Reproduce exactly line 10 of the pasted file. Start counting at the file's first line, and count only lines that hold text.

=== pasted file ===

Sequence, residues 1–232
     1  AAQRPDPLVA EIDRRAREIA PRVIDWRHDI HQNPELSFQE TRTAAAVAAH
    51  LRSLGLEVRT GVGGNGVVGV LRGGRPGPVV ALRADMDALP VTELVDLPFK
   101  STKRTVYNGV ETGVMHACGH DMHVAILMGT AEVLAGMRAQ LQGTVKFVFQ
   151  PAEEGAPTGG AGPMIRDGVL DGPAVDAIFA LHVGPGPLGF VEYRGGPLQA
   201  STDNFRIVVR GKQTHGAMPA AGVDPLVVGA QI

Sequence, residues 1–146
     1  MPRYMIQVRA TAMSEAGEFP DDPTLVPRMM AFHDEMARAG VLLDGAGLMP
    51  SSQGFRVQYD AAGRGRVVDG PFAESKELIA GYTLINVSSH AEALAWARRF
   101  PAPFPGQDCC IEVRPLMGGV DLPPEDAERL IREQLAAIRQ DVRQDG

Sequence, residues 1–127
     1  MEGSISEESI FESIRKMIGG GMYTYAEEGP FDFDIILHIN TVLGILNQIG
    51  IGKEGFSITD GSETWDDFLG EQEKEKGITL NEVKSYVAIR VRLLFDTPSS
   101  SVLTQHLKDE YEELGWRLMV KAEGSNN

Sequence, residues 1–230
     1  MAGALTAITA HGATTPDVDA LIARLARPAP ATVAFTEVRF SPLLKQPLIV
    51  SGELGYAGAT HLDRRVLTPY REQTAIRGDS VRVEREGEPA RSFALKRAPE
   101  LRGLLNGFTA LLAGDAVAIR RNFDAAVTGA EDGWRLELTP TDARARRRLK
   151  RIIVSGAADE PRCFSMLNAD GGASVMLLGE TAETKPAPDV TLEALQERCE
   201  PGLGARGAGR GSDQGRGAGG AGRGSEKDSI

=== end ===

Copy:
   101  PAPFPGQDCC IEVRPLMGGV DLPPEDAERL IREQLAAIRQ DVRQDG